Immigration reform could relieve pressure on Houston's construction labor market
- Houston’s construction industry is struggling to find an adequate supply of skilled labor and, according to a report from Houston Public Media, immigration reform could help relieve that pressure, as well as control rising project costs.
- Undocumented workers make up more than 30% of Houston’s 300,000-person-strong construction labor force, and a policy of deportation, according to some of the city’s industry leaders, would slow down projects. Allowing these workers some type of legal status, however, would provide a more stable labor pool, reduce project costs and result in more workers receiving training and benefits.
- Mike Holland, chief operating officer for Houston contractor Marek, told Houston Public Media that labor issues including shortages and decreasing quality are the biggest contributors to the rising costs of construction projects.
The concern around the shrinking pool of available construction workers is not just happening in Houston but throughout the rest of Texas and around the U.S., where many metros are experiencing building booms and need a steady supply of skilled labor.
In fact, according to a January survey from the Associated General Contractors of America, about 80% of contractors were concerned that there would not be enough workers to support their expansion plans this year. In another survey, Wells Fargo Securities said that finding enough labor was the biggest concern of 47% of the contractors it surveyed for its annual construction industry forecast. A lack of skilled workers presented the biggest business risk for 35% of the contractors polled.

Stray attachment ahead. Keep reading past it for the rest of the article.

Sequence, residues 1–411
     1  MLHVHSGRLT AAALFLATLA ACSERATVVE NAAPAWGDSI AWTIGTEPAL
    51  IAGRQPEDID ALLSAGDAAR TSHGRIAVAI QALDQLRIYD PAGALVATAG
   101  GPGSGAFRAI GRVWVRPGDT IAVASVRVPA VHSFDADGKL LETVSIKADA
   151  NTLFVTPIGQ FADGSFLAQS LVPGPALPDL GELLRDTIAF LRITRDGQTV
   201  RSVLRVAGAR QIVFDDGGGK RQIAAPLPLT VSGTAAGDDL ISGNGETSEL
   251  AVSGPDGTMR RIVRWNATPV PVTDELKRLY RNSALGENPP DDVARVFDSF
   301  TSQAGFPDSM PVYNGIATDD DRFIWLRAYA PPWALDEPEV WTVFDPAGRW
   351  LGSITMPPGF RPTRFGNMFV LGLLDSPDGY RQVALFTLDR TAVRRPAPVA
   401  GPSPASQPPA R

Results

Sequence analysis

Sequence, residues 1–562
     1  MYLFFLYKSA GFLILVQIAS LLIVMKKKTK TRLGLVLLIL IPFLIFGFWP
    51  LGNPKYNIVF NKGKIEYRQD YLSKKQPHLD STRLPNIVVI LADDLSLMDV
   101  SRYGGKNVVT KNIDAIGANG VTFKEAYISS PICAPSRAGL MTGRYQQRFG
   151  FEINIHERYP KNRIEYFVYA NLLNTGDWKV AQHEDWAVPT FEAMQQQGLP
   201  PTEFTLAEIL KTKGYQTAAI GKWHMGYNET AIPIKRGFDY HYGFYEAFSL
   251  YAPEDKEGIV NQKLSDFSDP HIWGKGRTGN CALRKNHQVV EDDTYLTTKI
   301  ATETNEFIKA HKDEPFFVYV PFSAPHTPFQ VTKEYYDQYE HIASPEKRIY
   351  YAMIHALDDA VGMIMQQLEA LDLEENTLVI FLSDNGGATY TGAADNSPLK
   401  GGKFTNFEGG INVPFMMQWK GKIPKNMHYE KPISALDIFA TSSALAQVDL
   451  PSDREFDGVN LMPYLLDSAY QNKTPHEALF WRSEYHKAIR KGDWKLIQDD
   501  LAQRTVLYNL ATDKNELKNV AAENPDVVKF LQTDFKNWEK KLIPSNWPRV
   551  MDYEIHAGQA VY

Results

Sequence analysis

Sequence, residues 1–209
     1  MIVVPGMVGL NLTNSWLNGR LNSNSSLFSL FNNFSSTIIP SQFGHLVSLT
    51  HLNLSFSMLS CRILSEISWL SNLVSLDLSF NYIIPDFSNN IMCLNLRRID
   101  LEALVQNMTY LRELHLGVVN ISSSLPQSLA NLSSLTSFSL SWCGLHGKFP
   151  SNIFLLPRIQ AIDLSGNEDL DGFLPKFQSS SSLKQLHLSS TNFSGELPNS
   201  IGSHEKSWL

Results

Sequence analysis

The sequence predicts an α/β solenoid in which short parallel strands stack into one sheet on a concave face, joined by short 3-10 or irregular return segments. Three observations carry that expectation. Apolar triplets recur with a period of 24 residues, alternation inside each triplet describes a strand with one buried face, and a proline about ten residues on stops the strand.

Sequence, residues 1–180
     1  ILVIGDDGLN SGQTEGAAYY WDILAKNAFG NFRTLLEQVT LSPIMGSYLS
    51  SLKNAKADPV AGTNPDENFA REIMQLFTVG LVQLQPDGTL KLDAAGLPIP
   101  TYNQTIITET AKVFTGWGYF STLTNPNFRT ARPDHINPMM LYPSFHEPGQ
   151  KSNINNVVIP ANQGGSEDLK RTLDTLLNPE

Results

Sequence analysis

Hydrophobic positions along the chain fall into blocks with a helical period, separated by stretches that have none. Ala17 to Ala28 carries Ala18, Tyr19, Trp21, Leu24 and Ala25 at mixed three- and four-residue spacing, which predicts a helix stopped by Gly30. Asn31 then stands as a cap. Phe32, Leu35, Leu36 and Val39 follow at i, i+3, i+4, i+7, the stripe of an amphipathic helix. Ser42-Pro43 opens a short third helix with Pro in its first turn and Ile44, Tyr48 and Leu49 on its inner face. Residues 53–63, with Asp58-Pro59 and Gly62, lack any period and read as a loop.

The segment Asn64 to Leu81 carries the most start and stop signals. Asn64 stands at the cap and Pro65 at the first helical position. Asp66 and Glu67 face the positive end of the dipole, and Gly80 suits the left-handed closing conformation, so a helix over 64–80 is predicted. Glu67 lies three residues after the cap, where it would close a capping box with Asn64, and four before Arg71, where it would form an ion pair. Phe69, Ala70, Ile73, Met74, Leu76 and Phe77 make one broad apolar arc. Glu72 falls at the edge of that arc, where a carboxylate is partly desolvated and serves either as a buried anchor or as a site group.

The number of new workers coming into the industry is also at a minimum because fewer younger people are willing to consider the construction industry as a viable career option. Their negative views about construction jobs include the supposed “dirty” and physical aspects of it.
AGC and many other industry organizations have been asking for reforms that would increase the supply of skilled construction workers and earlier this month, U.S. Rep. Lloyd Smucker (R-Pa.) introduced two bills that could help answer that call.
One of Smucker’s proposed measures would create a new immigration visa system for non-farm workers, allowing U.S. contractors on pre-approved projects to tap into a pool of temporary foreign labor. The second bill would ostensibly provide more money for construction career training and apprenticeships by encouraging charitable donations for community-based apprenticeships, workforce development and career and technical education programs. Half of a $2 billion tax credit would go toward apprenticeships and job training programs.
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